Can mindfulness really enhance your health and wellbeing?

Nearly 4.3 million U.S. adults think so. That’s how many engage in ‘mindful practices.’

Popular media refers to mindfulness as any generic process of paying attention in life (mindfully doing the laundry.) True mindfulness is more precisely defined as “being fully aware of one’s own mind, body, and surroundings by paying attention on purpose, in the present moment nonjudgmentally and without attachment.”

Mindfulness as a practice to improve health originated with research by Dr. Jon Kabat-Zinn. He demystified the traditional Buddhist form of meditation and founded the Mindfulness-Based Stress Reduction Program (MBSR) at the University of Massachusetts Medical School in 1979. Today, MBSR is used in hospitals, wellness centers, senior centers, inner-city schools, colleges, elite sports programs, and rehabilitation clinics around the world. It’s proven to be beneficial for various health concerns, often as good as, or better than, medication for:

  • lowering blood pressure
  • managing chronic pain and illness
  • enhancing decision-making
  • improving depression and anxiety
  • recovering from surgery, trauma, and injury.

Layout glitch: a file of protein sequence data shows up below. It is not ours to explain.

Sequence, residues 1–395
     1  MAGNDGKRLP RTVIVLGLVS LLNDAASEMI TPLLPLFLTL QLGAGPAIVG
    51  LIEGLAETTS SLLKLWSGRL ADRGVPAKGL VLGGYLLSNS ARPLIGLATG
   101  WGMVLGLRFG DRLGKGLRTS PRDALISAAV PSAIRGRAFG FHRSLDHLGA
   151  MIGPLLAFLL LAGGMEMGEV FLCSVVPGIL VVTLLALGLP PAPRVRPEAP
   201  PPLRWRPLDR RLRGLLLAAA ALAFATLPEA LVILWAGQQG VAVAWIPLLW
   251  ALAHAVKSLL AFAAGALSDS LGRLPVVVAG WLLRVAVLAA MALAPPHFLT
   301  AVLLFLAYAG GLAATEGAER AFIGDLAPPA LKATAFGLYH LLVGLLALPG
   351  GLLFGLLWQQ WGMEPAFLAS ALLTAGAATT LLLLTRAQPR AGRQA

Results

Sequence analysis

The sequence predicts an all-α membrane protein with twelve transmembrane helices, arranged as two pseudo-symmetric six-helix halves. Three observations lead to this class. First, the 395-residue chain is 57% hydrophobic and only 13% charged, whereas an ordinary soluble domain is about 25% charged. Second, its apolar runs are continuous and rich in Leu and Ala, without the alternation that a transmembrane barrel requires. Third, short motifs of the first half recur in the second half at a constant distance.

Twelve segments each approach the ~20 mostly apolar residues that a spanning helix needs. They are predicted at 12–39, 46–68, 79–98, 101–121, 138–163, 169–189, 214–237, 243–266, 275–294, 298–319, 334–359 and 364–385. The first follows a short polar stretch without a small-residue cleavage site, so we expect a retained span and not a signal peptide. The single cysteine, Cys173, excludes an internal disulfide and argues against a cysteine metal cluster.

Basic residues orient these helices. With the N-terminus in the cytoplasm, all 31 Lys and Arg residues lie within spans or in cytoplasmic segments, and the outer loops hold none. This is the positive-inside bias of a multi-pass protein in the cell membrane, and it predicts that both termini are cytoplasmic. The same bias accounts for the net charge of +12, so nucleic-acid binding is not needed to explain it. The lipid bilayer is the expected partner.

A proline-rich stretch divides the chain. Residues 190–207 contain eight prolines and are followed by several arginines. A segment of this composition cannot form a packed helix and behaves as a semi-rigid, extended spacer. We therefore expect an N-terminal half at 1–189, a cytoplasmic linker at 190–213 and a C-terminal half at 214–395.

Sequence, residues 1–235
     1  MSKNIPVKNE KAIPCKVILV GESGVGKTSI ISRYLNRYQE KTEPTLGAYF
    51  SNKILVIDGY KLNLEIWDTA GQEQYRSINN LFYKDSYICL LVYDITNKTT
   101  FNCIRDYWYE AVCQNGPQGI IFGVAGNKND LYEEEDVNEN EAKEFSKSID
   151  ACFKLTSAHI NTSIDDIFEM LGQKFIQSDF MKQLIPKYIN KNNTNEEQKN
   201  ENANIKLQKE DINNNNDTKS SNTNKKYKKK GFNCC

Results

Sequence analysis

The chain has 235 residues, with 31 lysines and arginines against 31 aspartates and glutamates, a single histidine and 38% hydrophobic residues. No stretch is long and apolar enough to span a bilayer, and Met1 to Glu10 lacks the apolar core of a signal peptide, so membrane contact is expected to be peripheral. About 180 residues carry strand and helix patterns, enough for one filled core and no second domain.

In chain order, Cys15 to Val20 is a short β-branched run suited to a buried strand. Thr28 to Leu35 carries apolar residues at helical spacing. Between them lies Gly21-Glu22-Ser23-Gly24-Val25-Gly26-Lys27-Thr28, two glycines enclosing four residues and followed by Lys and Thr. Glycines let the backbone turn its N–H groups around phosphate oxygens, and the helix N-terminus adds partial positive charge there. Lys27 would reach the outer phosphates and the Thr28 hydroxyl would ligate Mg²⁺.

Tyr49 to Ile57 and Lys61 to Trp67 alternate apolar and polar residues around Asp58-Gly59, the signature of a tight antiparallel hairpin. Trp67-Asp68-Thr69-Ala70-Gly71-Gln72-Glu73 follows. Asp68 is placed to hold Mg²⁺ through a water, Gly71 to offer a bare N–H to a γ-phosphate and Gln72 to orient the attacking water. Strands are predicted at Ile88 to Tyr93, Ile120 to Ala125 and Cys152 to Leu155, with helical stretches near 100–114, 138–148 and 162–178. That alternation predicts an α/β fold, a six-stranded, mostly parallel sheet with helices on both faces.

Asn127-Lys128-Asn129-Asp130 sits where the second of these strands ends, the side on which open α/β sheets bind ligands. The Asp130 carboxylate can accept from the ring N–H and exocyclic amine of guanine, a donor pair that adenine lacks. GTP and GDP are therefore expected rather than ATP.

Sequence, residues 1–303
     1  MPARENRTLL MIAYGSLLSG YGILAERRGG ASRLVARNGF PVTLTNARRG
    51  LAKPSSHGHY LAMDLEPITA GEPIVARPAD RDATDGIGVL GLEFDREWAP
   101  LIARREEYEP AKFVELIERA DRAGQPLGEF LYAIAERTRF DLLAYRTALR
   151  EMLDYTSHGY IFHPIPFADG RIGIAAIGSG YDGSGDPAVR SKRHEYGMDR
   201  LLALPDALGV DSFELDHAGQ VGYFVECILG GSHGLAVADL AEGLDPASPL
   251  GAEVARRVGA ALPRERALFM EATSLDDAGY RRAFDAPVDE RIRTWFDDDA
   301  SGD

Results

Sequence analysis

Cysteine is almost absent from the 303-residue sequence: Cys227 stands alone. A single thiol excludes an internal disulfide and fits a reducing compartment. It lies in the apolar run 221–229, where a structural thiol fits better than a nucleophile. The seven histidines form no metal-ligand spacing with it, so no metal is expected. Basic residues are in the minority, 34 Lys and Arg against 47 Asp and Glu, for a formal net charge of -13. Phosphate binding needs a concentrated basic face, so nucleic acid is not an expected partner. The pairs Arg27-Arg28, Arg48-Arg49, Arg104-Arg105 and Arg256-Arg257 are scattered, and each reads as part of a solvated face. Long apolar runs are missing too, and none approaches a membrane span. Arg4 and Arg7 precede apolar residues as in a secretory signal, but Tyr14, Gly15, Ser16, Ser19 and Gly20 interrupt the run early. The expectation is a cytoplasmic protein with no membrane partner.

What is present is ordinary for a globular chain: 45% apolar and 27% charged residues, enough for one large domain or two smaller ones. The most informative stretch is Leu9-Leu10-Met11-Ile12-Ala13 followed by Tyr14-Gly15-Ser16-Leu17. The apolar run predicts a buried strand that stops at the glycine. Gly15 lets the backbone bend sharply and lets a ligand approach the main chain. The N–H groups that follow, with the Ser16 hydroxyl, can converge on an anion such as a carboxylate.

The MBSR Program helps people learn to be non-reactive to stress, pain or other triggers, and to decentralize it from the focus of their lives. This results in a cascade of hormonal effects that take the body out of high-alert mode. When the body and mind are relaxed, immune function is enhanced and healing can take place.

An 8-week MBSR program is led by a certified teacher experienced in related practices, such as mindful eating, breath awareness, gentle movement, and walking. Programs can also be designed for specific concerns such as post-traumatic stress, grief, addiction, cancer or back pain. In addition to a mini-retreat, small, weekly classes meet for 90 minutes. The course is designed to help participants establish an at-home practice that becomes habitual.

While in-person programs are ideal, there also are excellent online programs. Verify that the instructor is certified in MBSR.

Resources
UMassMed.edu Center for Mindfulness. https://www.umassmed.edu/cfm/ (Teacher and Program locator, research, education and training)
Mindful magazine (print) “The Science of Mindfulness.” (2017, Dec). NY: New York. www.mindful.org
Kabat-Zinn, J. Full Catastrophe Living: Using the Wisdom of Your Body and Mind to Face Stress, Pain, and Illness (Revised Ed. 2013). https://www.amazon.com/Full-Catastrophe-Living-Revised-Illness/dp/0345536932
Brody, Jane E. “Alternatives for Treating Pain.” NYT Well Online. (posted 11 Sept 2017) Accessed 26 Nov. 2017: https://www.nytimes.com/2017/09/11/well/alternatives-to-drugs-for-treating-pain.html?rref=collection%2Fsectioncollection%2Fwell&action=click&contentCollection=well&region=stream&module=stream_unit&version=search&contentPlacement=2&pgtype=sectionfront
TheMindfulPath.com mobile friendly program http://themindfulpath.com/mindful-me/
Online Mindfulness Course https://palousemindfulness.com/MBSR/week0.html

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